Thursday September 26, 2013

Mutations that Matter

Mutations occur in millions of places in our genetic code, but only thousands of places where it matters.

Identifying the genetic source of a specific trait can be a little like finding a needle in a field full of haystacks. University of Dayton biologist Thomas Williams is working to shrink the number of haystacks.

In a new study, published by PLoS Genetics, Williams and his lab team were able to single out a specific sequence in the genetic code of a fruit fly where changes to the code resulted in a different pigmentation pattern between flies of the same and related species. So out of the whole fly genome — more than 15,000 genes and even more genetic "switches" — mutations causing similar pigmentation changes occurred in the same switch.

"Scientists have mapped the genomes of humans and several animals, yet our understanding of how that information is stored and how it produces traits is woefully inadequate," Williams said. "There are literally millions of places where changes occur, but only thousands of places where it matters."

By studying the fruit fly as a model, Williams hopes to identify prime genetic "real estate" — those locations in the genome where mutations are most likely to have a significant impact, either positive or negative. Other scientists can then use that knowledge to focus studies on similar places in the human genetic code, possibly identifying sections of the code where changes can pose health problems or genetic risk factors.

"We want to save time and money," Williams said. "We want to help others distinguish the signals from the noise."

It is common knowledge in the scientific community that genomes include the information for genes, which make a product that does something, Williams said. Less well known is that information is encoded in sequences that act as "switches" to tell genes when — and in which cells — to make their product.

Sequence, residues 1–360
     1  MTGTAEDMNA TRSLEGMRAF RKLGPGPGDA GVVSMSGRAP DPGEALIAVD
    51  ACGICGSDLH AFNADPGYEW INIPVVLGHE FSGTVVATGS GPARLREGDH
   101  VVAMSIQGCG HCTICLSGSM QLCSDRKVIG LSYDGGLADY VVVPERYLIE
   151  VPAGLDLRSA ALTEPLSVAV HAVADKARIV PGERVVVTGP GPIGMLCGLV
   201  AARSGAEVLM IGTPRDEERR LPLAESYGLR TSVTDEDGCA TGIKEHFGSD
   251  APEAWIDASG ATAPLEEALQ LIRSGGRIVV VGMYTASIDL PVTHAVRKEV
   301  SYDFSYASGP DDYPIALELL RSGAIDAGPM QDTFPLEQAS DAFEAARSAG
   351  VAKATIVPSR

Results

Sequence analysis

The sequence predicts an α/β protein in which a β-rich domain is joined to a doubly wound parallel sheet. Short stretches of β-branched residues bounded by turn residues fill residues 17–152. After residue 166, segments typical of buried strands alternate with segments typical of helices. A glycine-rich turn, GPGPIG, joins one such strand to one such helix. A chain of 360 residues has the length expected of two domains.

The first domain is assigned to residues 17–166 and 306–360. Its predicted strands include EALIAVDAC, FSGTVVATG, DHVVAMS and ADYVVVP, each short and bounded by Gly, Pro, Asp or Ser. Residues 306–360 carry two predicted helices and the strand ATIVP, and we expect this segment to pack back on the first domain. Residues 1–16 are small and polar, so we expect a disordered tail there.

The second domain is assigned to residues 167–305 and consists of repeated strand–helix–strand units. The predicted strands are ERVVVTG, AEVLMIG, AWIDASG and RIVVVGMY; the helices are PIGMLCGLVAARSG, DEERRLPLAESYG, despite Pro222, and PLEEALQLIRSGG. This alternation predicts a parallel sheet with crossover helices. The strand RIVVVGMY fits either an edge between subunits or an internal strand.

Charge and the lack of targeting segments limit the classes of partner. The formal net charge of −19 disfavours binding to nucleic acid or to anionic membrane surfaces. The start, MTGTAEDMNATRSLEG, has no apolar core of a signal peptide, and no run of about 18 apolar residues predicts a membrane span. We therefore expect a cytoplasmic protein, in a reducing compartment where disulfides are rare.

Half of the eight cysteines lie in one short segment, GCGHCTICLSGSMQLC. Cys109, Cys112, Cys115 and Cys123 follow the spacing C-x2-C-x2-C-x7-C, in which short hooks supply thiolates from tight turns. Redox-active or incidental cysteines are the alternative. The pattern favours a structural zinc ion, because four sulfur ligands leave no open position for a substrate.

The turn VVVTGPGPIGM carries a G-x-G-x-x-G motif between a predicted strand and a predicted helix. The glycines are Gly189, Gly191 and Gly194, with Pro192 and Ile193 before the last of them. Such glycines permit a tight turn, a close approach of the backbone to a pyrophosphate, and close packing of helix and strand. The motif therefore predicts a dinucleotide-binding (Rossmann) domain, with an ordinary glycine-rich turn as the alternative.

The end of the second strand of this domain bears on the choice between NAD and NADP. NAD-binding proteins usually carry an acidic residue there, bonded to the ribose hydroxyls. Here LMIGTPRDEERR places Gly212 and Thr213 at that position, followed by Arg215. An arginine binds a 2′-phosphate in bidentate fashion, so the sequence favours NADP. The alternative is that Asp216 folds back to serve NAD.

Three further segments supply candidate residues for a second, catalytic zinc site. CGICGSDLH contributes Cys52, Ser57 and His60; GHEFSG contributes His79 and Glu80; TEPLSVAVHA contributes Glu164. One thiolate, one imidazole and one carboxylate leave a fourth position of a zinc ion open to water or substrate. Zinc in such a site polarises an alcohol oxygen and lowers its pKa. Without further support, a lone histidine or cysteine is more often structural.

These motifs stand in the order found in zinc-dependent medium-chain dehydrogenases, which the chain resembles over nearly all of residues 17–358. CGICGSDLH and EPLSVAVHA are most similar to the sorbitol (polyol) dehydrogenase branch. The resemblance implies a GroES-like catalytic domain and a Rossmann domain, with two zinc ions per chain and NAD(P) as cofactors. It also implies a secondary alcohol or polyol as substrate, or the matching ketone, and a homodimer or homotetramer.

The location for mutations occurs randomly in genomes. Many of these mutations are neutral, with no measurable effect on encoded information. Some mutations degrade information, leading to disease or disease risk. And some mutations modify information in useful ways.

"The great challenge for the era is to determine which mutations are neutral, injurious or beneficial," Williams said. "This difficulty is especially challenging for so-called genetic 'switches.' "

The paper, titled "Recurrent Modification of a Conserved Cis-Regulatory Element Underlies Fruit Fly Pigmentation Diversity," was published Aug. 29 by PLoS Genetics. The project was led by biology doctoral student William Rogers, who mentored and received contributions from several University of Dayton graduate and undergraduate students. 

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